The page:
Court Rules Against Yelp and Free Anonymous Speech



The Virginia Court of Appeals yesterday ruled that Yelp must reveal the identities of seven anonymous individuals who wrote negative reviews of a carpet-cleaning business.

Hadeed Carpet Cleaning claims they could not match seven posts on the business review site to actual customers. Courthouse News explains, "The business sued the John Doe authors of seven critical reviews and subpoenaed Yelp to learn the identities of the anonymous reviewers. Yelp repeatedly refused to respond to it, however, leading the trial court to hold Yelp in contempt."

The case reached the state appeals court, which ruled 2-1 that Yelp cannot conceal the users' identities. Judge William Petty wrote the majority opinion, explaining that " the freedom of speech—and within this, the freedom to speak with anonymity—is not absolute." He believes that "the review is based on a false statement of fact… and 'there is no constitutional value in false statements of fact.'"

Techdirt suggests that "the Virginia court had no jurisdiction over Yelp, a California company," and that the court ignored the precedents set by Dendrite International, Inc. v. Doe No. 3 and other cases, which "require giving the anonymous users a chance to respond and (more importantly) require the plaintiff to present enough evidence to prove there's an actual case."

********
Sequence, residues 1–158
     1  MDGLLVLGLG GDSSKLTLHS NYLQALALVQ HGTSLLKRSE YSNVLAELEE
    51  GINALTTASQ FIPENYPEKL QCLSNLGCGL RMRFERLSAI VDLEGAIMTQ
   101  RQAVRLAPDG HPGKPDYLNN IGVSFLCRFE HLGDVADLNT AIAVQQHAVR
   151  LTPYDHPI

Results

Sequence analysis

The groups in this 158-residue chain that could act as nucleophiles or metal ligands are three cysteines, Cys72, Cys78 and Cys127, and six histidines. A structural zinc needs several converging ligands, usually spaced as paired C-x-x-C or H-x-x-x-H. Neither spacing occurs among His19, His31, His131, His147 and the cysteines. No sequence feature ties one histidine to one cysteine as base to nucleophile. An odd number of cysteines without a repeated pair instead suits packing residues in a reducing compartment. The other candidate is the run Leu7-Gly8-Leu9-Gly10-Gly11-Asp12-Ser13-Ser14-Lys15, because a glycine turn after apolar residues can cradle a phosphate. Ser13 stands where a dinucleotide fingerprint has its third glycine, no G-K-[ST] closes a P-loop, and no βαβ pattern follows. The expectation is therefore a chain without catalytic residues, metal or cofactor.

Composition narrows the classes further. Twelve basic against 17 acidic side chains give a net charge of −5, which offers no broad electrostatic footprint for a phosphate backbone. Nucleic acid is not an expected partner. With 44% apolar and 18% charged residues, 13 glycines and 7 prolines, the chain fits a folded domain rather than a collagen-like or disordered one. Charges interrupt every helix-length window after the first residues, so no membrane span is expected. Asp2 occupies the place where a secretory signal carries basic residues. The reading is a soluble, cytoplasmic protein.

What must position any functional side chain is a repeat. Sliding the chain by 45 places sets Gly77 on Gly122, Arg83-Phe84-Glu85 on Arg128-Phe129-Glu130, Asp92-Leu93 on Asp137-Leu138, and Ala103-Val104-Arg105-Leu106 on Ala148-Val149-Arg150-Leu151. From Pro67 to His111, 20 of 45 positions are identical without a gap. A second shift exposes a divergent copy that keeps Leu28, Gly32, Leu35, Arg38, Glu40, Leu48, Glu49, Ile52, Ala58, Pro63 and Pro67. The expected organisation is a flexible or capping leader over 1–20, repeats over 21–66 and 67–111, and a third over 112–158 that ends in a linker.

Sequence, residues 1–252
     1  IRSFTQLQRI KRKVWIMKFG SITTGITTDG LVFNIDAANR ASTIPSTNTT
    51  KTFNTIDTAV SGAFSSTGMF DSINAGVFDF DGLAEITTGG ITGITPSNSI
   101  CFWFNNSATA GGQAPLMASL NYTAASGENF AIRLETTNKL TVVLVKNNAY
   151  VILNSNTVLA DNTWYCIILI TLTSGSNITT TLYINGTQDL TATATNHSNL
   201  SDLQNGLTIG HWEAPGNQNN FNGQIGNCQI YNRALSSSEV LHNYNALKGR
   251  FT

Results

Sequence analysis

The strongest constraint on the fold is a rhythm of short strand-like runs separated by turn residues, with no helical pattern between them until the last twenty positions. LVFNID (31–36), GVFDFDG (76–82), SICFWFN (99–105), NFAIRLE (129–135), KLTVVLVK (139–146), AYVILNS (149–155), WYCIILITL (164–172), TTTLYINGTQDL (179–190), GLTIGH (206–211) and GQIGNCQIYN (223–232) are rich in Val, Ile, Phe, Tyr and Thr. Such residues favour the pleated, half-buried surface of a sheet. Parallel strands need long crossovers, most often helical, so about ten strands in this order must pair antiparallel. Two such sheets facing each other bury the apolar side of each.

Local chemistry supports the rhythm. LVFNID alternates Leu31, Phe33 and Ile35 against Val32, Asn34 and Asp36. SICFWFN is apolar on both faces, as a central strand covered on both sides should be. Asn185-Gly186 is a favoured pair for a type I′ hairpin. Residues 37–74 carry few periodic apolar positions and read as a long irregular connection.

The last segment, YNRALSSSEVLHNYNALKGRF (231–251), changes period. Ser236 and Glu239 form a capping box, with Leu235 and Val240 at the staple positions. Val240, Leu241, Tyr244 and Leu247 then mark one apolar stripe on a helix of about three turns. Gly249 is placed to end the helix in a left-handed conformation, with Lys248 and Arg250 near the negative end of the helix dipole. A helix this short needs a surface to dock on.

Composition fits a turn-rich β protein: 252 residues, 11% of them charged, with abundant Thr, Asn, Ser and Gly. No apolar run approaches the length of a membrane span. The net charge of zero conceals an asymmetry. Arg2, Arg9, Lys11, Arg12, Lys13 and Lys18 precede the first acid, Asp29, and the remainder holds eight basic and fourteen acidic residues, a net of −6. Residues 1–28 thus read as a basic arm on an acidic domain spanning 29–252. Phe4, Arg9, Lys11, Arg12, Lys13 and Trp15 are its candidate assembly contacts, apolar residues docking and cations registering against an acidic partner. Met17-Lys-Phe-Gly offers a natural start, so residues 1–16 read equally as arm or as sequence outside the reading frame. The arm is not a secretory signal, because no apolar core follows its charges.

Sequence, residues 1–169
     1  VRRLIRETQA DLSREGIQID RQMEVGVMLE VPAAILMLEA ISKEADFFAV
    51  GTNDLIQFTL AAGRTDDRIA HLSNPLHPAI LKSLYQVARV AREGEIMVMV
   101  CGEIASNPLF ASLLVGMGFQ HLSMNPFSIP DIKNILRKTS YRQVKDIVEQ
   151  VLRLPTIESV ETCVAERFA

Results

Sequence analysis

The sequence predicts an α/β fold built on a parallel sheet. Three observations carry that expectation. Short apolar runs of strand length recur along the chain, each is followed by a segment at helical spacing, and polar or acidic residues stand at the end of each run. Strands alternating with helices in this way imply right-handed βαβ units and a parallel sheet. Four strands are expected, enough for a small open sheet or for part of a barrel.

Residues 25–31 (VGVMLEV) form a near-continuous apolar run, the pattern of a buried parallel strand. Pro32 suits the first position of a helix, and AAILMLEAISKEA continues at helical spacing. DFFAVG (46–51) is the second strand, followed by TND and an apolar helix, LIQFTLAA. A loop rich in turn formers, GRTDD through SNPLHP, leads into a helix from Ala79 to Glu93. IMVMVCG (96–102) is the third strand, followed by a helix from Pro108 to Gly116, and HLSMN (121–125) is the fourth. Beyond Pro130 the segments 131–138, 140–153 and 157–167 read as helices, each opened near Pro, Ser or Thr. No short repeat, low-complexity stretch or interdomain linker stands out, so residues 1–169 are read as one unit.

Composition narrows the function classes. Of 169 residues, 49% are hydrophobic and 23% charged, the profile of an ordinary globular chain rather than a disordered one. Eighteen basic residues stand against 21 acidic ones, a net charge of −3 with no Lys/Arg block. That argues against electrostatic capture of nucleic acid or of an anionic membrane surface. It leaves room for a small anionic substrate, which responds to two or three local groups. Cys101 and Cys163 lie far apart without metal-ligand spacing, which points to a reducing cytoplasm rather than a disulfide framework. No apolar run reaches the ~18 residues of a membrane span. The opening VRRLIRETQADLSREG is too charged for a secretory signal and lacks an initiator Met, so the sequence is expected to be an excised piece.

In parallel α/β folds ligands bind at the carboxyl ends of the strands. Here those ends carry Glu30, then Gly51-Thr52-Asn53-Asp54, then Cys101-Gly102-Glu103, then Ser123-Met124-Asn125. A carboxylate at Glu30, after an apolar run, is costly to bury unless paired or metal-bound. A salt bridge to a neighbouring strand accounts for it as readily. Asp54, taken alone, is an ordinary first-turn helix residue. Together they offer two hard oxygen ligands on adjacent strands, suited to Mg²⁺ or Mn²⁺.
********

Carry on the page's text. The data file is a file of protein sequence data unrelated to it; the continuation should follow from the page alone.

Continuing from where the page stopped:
Paul Levy of Public Citizen, a consumer rights advocacy group, represented Yelp in the case. He told the Washington Times that this was the first time he's "seen an appellate court order the identification, the first case in which I've represented a party in which we thought the Doe was clearly protected and the court said they were not." Levy also expressed a skeptical view of the merits of Hadeed's claims and how they were used in court:

They don't say that the substance is false… They say, well, we can't be sure this person is a customer. No one with this pseudonym from this city is in our customer database. Well, of course! It's a pseudonym. They haven't shown anything that really would lead any person to believe that this isn't a customer.


If you've been defamed, you ought to be able to [show evidence of your claim of defamation]… And that's both what Hadeed didn't do here—they just refused—they didn't do that here and the court didn't require them to do that.

The dissenting judge on the appellate court expressed a similar sentiment, adding that "Anonymous speech is protected by the Constitution of the United States and by Article 1, Section 12 of the Constitution of Virginia."

The review website has previously exercised robust enforcement of its terms and conditions by removing falsified write-ups and taking action against their authors. Yelp plans to take its case to the Virginia Supreme Court.